Jake drove the machine, rerouted the road around our work area and started the arduous task of moving muck to try to find where we left off last year. Even with the larger bucket, this process took over a day’s work. Jake and I decided to build the access road to the cave area further to the West, and we started it further to the South. This would allow us to get the machine deeper into the ground. In doing this we discovered that the basalt to the West of the cave is not as far under the clay as we had thought, and we actually hit some agate before we got to the cave area. The agate here was heavily plumed but also had some soft spots and holes. We did however get some good agate here. It appears the agate continues in the basalt to the North.
Last year, I could not work in the cave itself because we hit this Pink plume just above the side cave and spent most of our effort there. Because of the solid basalt wall above the cave, there is no place to position the machine to help dig the cave out. So I devised a "muck bucket" system to remove the debris that now fills the cave. We put a ring around the top of a 55 gallon drum with a little notch cut in the side that could be attached to a hook on a chain. We used the bucket of the machine to lower the drum into the cave where we could fill it by hand with a shovel. When the drum was full, we'd lift it out with the machine and dump it.
The main part of the cave sits exactly under the BLM road that runs through the claim. I have its position marked with a few large rocks along the side of the road. In digging out the muck, the side cave was the first and easiest thing to find, because the roof is still there. In our previous operations, the roof and agate back wall have all been removed and the cave has been entirely filled in with dirt and rocks. I got the machine as close as I could, scraped everything out of the hole with the bucket, placed a few large rocks on the slope to try to prevent other debris from falling back into the cave, and set up the "muck bucket" made out of the 55 gallon drum. Since digging out the cave has no perceived commercial value, I spent half my time working on the cave and the other half digging agate. Philip helped me a couple days. Slowly, we removed the rock and dirt from the floor, all the time wondering if the floor would suddenly give way and we would go tumbling down into the depths of the earth.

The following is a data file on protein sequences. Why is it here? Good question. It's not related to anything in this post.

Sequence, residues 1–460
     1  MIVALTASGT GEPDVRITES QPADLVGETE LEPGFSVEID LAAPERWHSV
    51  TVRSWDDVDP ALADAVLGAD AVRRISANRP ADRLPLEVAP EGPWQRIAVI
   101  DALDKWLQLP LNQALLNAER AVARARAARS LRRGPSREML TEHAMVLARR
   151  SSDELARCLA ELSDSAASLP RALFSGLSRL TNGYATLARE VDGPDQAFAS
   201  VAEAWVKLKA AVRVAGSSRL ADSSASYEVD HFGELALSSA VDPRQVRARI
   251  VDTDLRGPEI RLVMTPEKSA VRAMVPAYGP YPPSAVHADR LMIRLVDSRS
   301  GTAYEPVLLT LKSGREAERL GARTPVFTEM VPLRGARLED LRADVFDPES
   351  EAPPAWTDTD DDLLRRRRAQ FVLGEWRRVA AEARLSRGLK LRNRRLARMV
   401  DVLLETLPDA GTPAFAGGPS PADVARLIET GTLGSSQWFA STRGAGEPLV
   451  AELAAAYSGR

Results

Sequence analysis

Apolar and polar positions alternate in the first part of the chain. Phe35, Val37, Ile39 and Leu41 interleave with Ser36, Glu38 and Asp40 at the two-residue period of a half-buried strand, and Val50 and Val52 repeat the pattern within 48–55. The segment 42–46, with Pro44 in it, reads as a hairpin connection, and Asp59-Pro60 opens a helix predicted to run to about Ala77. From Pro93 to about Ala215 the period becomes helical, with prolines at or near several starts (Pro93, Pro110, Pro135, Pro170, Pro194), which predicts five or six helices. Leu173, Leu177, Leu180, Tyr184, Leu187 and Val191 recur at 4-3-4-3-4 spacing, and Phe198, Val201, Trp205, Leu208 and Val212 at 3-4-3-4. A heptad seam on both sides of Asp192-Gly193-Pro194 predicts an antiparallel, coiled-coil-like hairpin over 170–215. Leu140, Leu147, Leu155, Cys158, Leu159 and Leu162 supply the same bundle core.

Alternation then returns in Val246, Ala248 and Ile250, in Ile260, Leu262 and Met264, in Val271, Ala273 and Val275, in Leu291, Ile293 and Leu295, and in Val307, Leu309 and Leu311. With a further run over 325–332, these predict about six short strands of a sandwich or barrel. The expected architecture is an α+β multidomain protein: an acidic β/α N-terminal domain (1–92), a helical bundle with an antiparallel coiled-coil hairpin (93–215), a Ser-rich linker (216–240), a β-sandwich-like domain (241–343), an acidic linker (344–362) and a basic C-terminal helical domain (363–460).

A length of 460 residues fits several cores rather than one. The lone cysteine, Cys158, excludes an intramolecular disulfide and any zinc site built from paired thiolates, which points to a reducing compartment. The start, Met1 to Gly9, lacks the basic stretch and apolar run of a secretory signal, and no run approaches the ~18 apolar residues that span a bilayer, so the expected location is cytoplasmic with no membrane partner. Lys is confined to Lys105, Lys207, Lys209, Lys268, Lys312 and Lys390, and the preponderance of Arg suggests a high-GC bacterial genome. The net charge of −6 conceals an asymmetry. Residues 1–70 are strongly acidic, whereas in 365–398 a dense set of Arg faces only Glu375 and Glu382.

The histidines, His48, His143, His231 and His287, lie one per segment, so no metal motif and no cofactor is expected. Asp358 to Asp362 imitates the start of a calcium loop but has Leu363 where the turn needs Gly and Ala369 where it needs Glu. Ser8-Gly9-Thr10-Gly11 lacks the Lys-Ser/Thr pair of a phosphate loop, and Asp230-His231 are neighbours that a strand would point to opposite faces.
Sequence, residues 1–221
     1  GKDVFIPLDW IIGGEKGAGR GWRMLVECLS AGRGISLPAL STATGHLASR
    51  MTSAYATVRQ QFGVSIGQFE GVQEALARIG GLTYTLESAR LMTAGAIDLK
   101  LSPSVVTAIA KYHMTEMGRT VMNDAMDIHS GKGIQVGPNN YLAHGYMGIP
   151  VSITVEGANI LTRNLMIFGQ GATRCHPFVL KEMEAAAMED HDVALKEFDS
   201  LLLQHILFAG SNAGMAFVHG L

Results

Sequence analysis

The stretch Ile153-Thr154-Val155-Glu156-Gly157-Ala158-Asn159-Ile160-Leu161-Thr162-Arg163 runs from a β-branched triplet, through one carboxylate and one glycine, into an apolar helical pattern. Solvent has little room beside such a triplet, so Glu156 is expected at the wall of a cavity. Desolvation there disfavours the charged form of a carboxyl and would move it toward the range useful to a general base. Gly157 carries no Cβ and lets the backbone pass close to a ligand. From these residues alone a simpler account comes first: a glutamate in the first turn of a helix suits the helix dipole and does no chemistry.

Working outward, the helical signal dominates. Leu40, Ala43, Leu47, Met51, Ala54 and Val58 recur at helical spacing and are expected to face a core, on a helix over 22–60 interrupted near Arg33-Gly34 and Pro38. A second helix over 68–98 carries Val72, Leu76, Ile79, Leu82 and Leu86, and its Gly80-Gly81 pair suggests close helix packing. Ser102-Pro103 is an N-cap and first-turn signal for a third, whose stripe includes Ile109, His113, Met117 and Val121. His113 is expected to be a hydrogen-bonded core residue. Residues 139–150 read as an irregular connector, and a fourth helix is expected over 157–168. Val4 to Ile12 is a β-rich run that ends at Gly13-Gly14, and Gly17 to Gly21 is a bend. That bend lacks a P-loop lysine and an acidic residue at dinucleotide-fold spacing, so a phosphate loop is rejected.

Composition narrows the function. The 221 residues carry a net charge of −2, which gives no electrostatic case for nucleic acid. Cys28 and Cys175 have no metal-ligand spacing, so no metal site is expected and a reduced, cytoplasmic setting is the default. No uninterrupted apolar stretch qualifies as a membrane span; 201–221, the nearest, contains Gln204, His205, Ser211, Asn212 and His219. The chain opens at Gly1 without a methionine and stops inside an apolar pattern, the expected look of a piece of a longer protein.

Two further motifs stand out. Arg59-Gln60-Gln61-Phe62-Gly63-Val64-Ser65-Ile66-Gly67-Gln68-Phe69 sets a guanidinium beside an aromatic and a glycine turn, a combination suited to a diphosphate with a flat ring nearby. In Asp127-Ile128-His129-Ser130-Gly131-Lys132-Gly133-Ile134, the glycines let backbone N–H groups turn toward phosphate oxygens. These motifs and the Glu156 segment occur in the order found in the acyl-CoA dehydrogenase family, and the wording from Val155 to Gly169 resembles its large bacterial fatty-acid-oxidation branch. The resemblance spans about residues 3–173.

The side cave, which is at right angles to the main cave and seems to curve up to the left and get very narrow, has a place in the floor where the sides grew together. As we dug deeper, we found out that this opened up again underneath and continued down much deeper. The South end of the main cave appears to go off in several directions but only in narrow small openings. I never did get to the bottom of the main cave. The space between the agate walls appears to be getting narrower with still enough room to stand in it. I did manage to get to the bottom of where the side cave comes into the main cave and here was amazed to find a smooth flat sloping surface of white opal. It was just as if somebody had poured molten white opal into the side opening, and it had flowed down into the main cave. It was as smooth and flat as a sloping sidewalk. Tapping on its surface with a hammer produced a hollow sound. I broke though the white opal at one point only to find a yellow powdery substance underneath. I still don’t know how far down the cave goes, but I would one day very much like to find out.
Jake and I decided before we covered the cave up again to measure how far it was from the surface to the white opal in the side cave. We estimate the distance at about 23 feet. It is incredible to realize hundreds of people that have driven on this BLM road on this claim and unbeknownst to them have driven over an opening in the ground completely lined with agate big enough for 4 people to stand in.
We got most of our good rock this year in an area about 20 feet to the west of the cave that Jake had discovered in previous years. This was a massive area with mixed qualities of agate. It started on the top as a foamy deposit with some good agate on the edges and, as we got deeper, ended in large flat white opal lenses. Having the excavator in different positions from the previous year we were able to pull off these large white opal deposits. Much to our surprise the agate appears to be getting better the deeper we go underneath the while opal. The last two days we got some very beautiful orange and white plume agate in a translucent, reddish–colored background. All of which was underneath these large white opal caps. Now I am even more curious as to what is deeper in the cave.
We allowed ourselves one day for reclaiming. Jake and I took turns in the machine working all day and I finished just as it was getting dark at almost 10 at night (it was one of the longest days of the year). The next morning, we drove the machine to the pickup point and went back to start breaking camp.
We had lots of guests and visitors this year. At one time, there were 8 people eating lunch under the canopy of the camper. The curious thing that day is that 7 of the 8 people were from Wisconsin. Jake, my friend, is originally from the state. Gary, who traveled with me, lives in Green Bay. Judy and Dave Marshall are from Wisconsin Rapids. Cindy and Don Kelman are from Marshfield. Philip was the odd man out, from Boise. Cindy, Don, Judy, and David were there to dig rock on a fee basis on the claim and were having a grand time digging agate themselves on the claim. Tom Roberts also stopped by early in the mining operation.
Jim Landon spent a couple of days with us seeing the operation and has submitted and article to Rock & Gem magazine about his experience visiting the claim. Larry Ridley, owner of the Willow Creek Jasper Mine, stopped by the mine to compare mining notes, show me some newly mined rock, see how Jake was doing, and offer us encouragement. Ben Cook also stopped by several times along with a dozen other people.
I am happy so many people were able to see the cave. Who knows if it will ever be opened up again.